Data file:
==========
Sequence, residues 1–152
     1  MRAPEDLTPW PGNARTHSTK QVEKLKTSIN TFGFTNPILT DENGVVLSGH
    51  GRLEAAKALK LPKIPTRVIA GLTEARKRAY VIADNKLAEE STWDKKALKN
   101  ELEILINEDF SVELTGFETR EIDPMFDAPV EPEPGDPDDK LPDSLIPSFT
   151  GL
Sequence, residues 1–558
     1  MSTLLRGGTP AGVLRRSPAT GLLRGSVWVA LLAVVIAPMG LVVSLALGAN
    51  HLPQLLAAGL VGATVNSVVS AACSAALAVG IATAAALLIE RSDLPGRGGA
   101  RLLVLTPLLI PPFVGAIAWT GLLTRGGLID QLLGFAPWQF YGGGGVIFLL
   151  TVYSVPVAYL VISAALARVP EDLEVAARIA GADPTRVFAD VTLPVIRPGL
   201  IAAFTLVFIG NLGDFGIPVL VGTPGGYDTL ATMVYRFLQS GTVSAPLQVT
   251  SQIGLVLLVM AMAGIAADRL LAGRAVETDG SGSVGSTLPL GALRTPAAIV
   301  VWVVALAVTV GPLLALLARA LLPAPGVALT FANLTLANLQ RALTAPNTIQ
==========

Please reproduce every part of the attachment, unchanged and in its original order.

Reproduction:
Sequence, residues 1–152
     1  MRAPEDLTPW PGNARTHSTK QVEKLKTSIN TFGFTNPILT DENGVVLSGH
    51  GRLEAAKALK LPKIPTRVIA GLTEARKRAY VIADNKLAEE STWDKKALKN
   101  ELEILINEDF SVELTGFETR EIDPMFDAPV EPEPGDPDDK LPDSLIPSFT
   151  GL
Sequence, residues 1–558
     1  MSTLLRGGTP AGVLRRSPAT GLLRGSVWVA LLAVVIAPMG LVVSLALGAN
    51  HLPQLLAAGL VGATVNSVVS AACSAALAVG IATAAALLIE RSDLPGRGGA
   101  RLLVLTPLLI PPFVGAIAWT GLLTRGGLID QLLGFAPWQF YGGGGVIFLL
   151  TVYSVPVAYL VISAALARVP EDLEVAARIA GADPTRVFAD VTLPVIRPGL
   201  IAAFTLVFIG NLGDFGIPVL VGTPGGYDTL ATMVYRFLQS GTVSAPLQVT
   251  SQIGLVLLVM AMAGIAADRL LAGRAVETDG SGSVGSTLPL GALRTPAAIV
   301  VWVVALAVTV GPLLALLARA LLPAPGVALT FANLTLANLQ RALTAPNTIQ